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Aquaculture Reform Bill

12 October 2004

Media Release from the New Zealand Seafood Industry Council (SeaFIC)
Aquaculture Reform Bill: "...cumbersome, inequitable and bears little resemblance to the original intent," says SeaFIC

The New Zealand Seafood Industry Council Ltd (SeaFIC), which represents the generic interests of the New Zealand seafood industry, says the Aquaculture Reform Bill currently before Parliament is unworkable, unfair to individuals and off track.

"The $250 million aquaculture sector needs a regulatory framework that will enhance its sustainable development and earning potential as part of the integrated development of the seafood industry," says SeaFIC CEO Owen Symmans. "Instead, after three years of talking, we've got a Bill that is cumbersome, inequitable in its effect on industry participants and bears little resemblance to the original intended purpose

The Bill was supposed to enable aquaculture to increase the contribution it makes to the national economy, while not undermining the regime established to sustainably manage fisheries, and Treaty settlements or allowing adverse effects on the environment.

"The Bill falls far short of achieving the original intention; instead it introduces more barriers to future development of innovative and sustainable aquaculture business in New Zealand," Mr Symmans said.

"It has grossly unfair effects on individual marine farmers and fails to address the regulatory complexity and uncertainty that has plagued aquaculture to date."

SeaFIC says it is a matter of urgency for the aquaculture sector to be lifted out of its current limbo and given certainty for the future.

"It is most disappointing that, after a three year moratorium that was intended to provide sufficient time to develop a new framework for aquaculture, the resulting Bill has so many shortcomings.

"Rather than do nothing, the industry, TOKM and the Aquaculture Council will co-operate to get workable legislation and create a climate that encourages development, removes overly complicated consent processes, provides security of access and is equitable so that the potential of this valuable sector is unlocked," the SeaFIC CEO said.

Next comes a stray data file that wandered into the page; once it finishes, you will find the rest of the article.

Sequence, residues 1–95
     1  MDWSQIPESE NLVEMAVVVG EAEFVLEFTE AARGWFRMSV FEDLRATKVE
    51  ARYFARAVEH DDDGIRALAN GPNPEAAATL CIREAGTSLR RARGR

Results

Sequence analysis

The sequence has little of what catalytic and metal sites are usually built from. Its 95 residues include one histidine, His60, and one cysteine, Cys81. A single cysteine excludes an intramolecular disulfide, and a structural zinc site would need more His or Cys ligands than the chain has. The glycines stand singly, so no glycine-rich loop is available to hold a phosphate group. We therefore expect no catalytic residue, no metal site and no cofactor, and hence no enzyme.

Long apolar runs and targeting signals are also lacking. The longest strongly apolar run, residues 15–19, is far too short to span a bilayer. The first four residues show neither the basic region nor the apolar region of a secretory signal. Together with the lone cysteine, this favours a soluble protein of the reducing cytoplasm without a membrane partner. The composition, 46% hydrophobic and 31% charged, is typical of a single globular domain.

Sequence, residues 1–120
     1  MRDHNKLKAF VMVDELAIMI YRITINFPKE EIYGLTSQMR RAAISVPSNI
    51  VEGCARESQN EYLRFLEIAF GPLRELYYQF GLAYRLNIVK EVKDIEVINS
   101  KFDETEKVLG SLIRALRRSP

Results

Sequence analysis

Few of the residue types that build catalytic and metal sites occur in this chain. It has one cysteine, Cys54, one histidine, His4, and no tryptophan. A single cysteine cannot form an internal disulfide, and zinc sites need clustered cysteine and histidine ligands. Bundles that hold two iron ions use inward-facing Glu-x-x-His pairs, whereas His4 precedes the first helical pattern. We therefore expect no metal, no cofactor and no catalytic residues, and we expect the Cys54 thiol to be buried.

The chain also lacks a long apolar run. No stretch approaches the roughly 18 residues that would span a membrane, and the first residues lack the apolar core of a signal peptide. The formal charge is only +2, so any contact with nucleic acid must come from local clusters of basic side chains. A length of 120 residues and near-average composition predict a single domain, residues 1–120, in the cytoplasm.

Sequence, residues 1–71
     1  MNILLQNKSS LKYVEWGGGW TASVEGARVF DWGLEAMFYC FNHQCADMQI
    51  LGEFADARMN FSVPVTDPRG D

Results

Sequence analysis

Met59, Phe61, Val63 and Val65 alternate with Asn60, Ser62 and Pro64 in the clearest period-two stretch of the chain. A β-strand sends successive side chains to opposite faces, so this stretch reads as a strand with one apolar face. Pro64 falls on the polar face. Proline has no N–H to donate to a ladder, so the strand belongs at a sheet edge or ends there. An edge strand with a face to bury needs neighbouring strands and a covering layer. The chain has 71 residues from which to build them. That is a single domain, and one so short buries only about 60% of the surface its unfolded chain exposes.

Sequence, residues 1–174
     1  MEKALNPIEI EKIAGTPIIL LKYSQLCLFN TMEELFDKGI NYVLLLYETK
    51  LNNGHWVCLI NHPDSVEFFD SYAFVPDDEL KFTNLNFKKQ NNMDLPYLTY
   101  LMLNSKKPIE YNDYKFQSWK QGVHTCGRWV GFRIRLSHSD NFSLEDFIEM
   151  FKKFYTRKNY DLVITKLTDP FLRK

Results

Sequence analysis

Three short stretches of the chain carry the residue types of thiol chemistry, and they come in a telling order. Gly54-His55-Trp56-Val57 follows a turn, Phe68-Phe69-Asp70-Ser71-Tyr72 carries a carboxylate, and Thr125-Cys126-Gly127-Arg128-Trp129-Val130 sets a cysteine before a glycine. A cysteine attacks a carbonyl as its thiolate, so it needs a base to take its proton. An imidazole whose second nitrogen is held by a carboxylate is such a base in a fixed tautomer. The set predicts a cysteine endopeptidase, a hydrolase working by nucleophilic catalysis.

To assist this process SeaFIC has made a detailed submission to Government which includes recommendations to enable resolution and implementation of a more effective - and equitable - regulatory framework.

SeaFIC says there are five key changes needed to turn the Bill around so that aquaculture can again make a worthwhile contribution to New Zealand's economy, environment and communities.

They are:

1. Aquaculture should be treated like all other Resource Management Act activities, with a full range of RMA planning tools available The Bill's restrictive approach to aquaculture (with aquaculture prohibited outside AMAs) will stifle innovation and development. The only other activity the RMA prohibits is dumping radioactive waste at sea.

2. Marine farming applications that were put "on hold" by the moratorium should not be used to settle the Crown's obligations to Maori. These applications have been held up for 3 years by the retrospectively-imposed moratorium. Now the rules are being changed so that 20-40% of the applicant's space can be re-allocated to someone else. This is clearly unfair; the settlement of one grievance should not create another.

3. Maori need to be active participants in the aquaculture industry, not passive recipients of other people's investment.

We support the settlement of Maori aquaculture claims because it will provide a more certain future for aquaculture. But the Bill provides that future Maori participation in aquaculture will be largely at the expense of existing industry members. A stronger basis for the industry to develop as a whole would be possible if the Crown were to provide financial support for active Maori involvement in aquaculture.

4. We need a fairer and more transparent process for reconciling aquaculture and fishing. The Bill provides an innovative and potentially effective way of making tradeoffs between aquaculture and fishing, but it needs fine-tuning. The Ministry of Fisheries' decision making process has to be more transparent and the cost of negotiating agreements between aquaculture developers and fisheries rights holders has to be reduced.

5. Existing marine farmers should be able to apply for a new consent for their farm in preference to any other applicant.

Marine farmers are not asking for rights in perpetuity or automatic rights to renew a resource consent. All they require is that, if an area continues to be used for aquaculture, then the current farmer should have the first right to apply for a new consent for their farm rather than someone else. It should be simple; the Bill makes it unnecessarily complex and uncertain.

ENDS

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